SHANGHAI, Feb. 15 (SMM) – Indonesia’s Finance Ministry said this Monday to levy 7.5 percent export taxes on lead, zinc, iron and copper concentrate, and 10 percent duties will be imposed on nickel ore with Ni content less than 1.7 percent and on bauxite with aluminum oxide content of at least 42 percent.
"The rate will depend on the development of smelters, and the more advanced the development of the smelter, the lower the export rate," the Ministry said in a statement.
Aneka Tambang (Antam) has an estimated 5 million tonnes of low-grade nickel ore available for immediate shipping, corporate secretary Trenggono Sutioso said on Monday.
Not long ago, Sri Mulyani Indrawati, the country's finance minister, said on January 24 that the government will set export duty based on the progress of smelters. Export duty will be exempted once the smelter progress reaches 30 percent, and the duty will be 5 percent if the progress reaches 7.5-30 percent, and will be 7.5 percent for the progress below 7.5 percent. This is slightly different with the new one.
In fact, Indonesia has been well known for its frequent changes in its nickel ore policy, and market players in the nickel industry has accustomed to this. There were twists and turns in setting its export ban on nickel ore exports effect on January 12, 2014.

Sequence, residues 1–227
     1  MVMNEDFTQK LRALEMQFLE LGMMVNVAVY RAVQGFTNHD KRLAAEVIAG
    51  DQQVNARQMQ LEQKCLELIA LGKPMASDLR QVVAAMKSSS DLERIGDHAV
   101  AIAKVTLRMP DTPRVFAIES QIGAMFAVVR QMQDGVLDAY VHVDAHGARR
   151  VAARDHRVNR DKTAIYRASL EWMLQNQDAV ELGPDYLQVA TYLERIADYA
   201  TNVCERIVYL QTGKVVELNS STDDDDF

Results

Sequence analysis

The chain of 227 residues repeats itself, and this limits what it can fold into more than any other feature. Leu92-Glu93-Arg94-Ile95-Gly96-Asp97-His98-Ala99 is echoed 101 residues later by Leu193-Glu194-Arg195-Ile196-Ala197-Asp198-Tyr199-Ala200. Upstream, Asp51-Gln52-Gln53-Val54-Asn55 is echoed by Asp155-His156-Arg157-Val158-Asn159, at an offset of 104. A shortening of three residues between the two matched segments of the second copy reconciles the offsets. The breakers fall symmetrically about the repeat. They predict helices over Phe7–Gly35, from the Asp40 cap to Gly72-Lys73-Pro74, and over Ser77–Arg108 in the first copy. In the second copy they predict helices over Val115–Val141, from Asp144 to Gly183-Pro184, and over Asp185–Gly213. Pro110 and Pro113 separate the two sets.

SMM contacts senior market insiders in Indonesia and finds that it remains uncertain for setting standard (by grade or by progress of smelter) of nickel ore export duty. And it will take time for the government to make survey before policy setting and hold hearing at the initial stage, and then the government will also need to cast a vote for this, leaving a long time to go before final conclusion.
SMM survey of alumina producers also finds that the new policy on bauxite export exists in name only, as aluminum oxide content in bauxite being imported from Indonesia is far higher than 42 percent, and there is no demand for goods with the content below the level in China. Indonesia’s export restrictions on bauxite will likely bolster up bauxite prices, but no detailed policy has been released by Indonesia. Alumina producers will wait for the details to make further decision for uncertainties in carrying out the new policy.
In addition, exports at Freeport's Grasberg mine in Indonesia have been postponed for expiration of export permit license, with copper concentrate inventories exceeding the capacity already. Freeport said to start laying off workers at the mine, a sign of its tough stance. If Indonesia increases its export duty of copper concentrate to 7.5 percent, costs at local copper mines will grow significantly. The negotiation between copper mine and Indonesian government is expected to be continuing.
SMM will keep following on the development of policy in Indonesia.